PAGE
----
Furthermore, through machinery, Echo’s mind is altered, placing the emphasis on the brain as the site for exploitation and this can be read as a metaphor for the ways in which women are socialised from birth to continually modify themselves to suit the needs and desires of others. Dollhouse frequently portrays the ways in which women are used, not only sexually, but to fulfil the emotional needs of others. Echo, though often acting as a glorified prostitute, also has her brain chemistry as well as her neural patterns altered in order to create any and every kind of woman: from steely negotiator with asthma, to the mother of a new born baby, complete with lactating breasts. The changes made to Echo to produce these different women go well beyond the scope of merely mental conditioning, also altering the body through the brain, reminding the viewer of the inseparable nature of mind and body – both on a physical level as well as on the level of personal experience and identity. Topher Brink explains that the steely negotiator persona was given asthma in order to bolster the character’s sense of resolve and determination in the face of difficulty – as in the case of Echo the mother, we are reminded of the way our bodies produce behaviours and attitudes which contribute to our sense of self. 

The mechanical nature of the imprinting process as well as the experimental surgeries and bodily alterations performed on Echo challenge the boundary between mind and body as well as that of flesh and machine. This is particularly apparent in season 1, episode 5, where Echo’s eyes are surgically implanted with cameras so that she can spy on a cult leader and suspected arms dealer. In order to avoid suspicion, Echo is imprinted with the personality of a devout follower and made temporarily blind. In this way, Echo is continually transformed into a machine-like entity for clients’ consumption, blurring the boundaries between mental abstraction, bodily modification, and mental vs physical exploitation.

Before being absorbed into the Dollhouse, Echo was Caroline, an activist who attempted to expose Rossum’s unethical research practices. In order to ensure her silence, Caroline was coerced into signing herself over to the Dollhouse. The show then depicts a strong-willed, individual woman transformed into the Stepford Wife made flesh, whose entire purpose is literally to exist for others and whose multiplicity of self is neither a utopian feminist nor a traditionally masculine fantasy, but rather a nightmare vision of female exploitation.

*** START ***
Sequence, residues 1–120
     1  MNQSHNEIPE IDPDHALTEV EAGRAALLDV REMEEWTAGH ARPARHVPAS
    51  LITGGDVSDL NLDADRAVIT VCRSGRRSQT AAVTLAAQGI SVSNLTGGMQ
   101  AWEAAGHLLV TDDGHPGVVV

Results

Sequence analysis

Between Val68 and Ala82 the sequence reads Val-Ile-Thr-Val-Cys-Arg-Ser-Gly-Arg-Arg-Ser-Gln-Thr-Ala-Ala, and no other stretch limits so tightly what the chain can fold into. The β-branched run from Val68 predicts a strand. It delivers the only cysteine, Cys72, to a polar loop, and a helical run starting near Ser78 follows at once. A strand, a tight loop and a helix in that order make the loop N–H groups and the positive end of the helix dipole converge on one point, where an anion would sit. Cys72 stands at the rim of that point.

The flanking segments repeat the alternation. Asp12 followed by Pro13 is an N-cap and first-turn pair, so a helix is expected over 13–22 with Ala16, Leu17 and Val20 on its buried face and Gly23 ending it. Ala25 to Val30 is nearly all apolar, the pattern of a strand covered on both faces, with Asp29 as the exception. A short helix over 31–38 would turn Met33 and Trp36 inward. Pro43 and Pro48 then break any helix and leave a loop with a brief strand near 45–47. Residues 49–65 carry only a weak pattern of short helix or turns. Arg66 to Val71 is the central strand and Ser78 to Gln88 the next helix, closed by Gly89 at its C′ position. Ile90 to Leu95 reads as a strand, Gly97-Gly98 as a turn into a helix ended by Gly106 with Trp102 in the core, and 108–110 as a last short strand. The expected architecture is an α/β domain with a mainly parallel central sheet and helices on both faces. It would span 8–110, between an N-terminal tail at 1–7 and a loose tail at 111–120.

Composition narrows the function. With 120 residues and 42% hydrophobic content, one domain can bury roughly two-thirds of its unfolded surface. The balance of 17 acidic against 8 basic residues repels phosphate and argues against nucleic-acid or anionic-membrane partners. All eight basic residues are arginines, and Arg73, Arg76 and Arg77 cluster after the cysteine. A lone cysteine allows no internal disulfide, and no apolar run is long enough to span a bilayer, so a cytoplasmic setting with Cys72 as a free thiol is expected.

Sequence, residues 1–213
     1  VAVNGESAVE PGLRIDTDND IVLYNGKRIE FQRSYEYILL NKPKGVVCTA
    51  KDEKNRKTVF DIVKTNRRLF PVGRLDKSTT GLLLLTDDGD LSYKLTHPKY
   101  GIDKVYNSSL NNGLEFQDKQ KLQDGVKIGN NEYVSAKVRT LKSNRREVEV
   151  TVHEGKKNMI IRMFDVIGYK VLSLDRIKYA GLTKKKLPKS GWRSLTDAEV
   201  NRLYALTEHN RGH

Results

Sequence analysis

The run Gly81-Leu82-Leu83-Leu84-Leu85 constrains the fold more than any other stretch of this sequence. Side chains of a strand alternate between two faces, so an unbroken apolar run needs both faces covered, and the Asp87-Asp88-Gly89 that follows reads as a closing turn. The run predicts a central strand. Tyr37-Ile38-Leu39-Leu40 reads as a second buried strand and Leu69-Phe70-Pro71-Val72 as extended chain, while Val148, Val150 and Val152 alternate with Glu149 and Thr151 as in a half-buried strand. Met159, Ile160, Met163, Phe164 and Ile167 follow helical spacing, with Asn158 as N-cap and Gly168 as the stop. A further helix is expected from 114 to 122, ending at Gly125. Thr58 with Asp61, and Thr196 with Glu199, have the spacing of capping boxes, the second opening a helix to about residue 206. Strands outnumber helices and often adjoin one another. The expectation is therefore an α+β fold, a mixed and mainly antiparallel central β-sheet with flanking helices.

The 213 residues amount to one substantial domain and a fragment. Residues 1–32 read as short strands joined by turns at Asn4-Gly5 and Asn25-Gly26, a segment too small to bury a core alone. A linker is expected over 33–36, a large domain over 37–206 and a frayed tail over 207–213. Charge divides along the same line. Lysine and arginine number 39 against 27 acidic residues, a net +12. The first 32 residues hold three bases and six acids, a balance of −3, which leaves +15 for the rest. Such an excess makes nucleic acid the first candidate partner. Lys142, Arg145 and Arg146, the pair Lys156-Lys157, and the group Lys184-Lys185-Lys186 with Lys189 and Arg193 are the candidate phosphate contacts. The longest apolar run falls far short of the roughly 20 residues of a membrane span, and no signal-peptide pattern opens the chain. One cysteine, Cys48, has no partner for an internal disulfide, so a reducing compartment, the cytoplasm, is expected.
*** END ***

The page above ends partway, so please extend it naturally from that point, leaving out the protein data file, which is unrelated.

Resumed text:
While Dollhouse does not shy away from these themes of abuse or female oppression, the show also provides a powerful message of autonomy and emancipation. Echo is used and abused by a society that is complicit in Rossum’s activities. In a manner that is deeply perceptive for a pre-MeToo era TV series, the show makes clear that everyone knows the Dollhouse exists but refuses to openly confront this uncomfortable truth – this is revealed in a documentary segment of the pilot episode where members of the public are interviewed. In the show it is clear that every member of society is either oppressor – a client of the Dollhouse – or is part of a culture of silence which allows the oppression to continue.

In spite of this, Echo refuses to be confined by the limitations and exploitative practices which her name implies. In season 1, episode 2, a man who hires Echo so he may hunt her for sport taunts her by saying “prove you’re not just an Echo”. In the picture here you see Echo in her doll state repeating a phrase from her last client about determination – a phrase she should have had wiped from her memory along with all her other memories of that engagement. This line, “shoulder to the wheel”, marks the beginning of the trajectory of Echo’s character development, from blank slate and corporate tool of the patriarchy to autonomous individual. Over the show’s two seasons, Echo becomes a composite of all her experiences as different selves, and draws strength from her many experiences of exploitation; her character development transcends a narrative of victimhood so often used as a means of adding substance to female characters and instead acknowledges the multiple nature of individuality, encompassing the a multitude of different ‘selves’ which make up an individual. 

Dollhouse can be read as the ultimate a cyberpunk play on Beauvoir’s claim that Woman is not born but made. It is also equally, I believe, a celebration of female power and autonomy in the face of crushing pressure to exist entirely for others.

[1] Lavign, Carlen, Cyberpunk Women, Feminism and Science Fiction. London: McFarland, 2013, 64.

[2] Wolmark, Jenny. “The Postmodern Romances of Feminist Science Fiction.” In Cybersexualities. Edited by Jenny Wolmark. (Edinburg: Edinburg University Press, 1999), 232. 

[3] Haraway, Donna. Of Simians, Cyborgs and Women: The Reinvention of Nature. London: Free Association Books, 1991.

[4] Giaimo, Genie Nicole. “Memory, Brains, Narratives: The Humanities as a Testing Ground for Bioethical Scenario-Building” in Literature and Medicine. Spring: 2016, vol. 1, no. 1. – accessed online through Project Muse [Accessed 11.05.2020].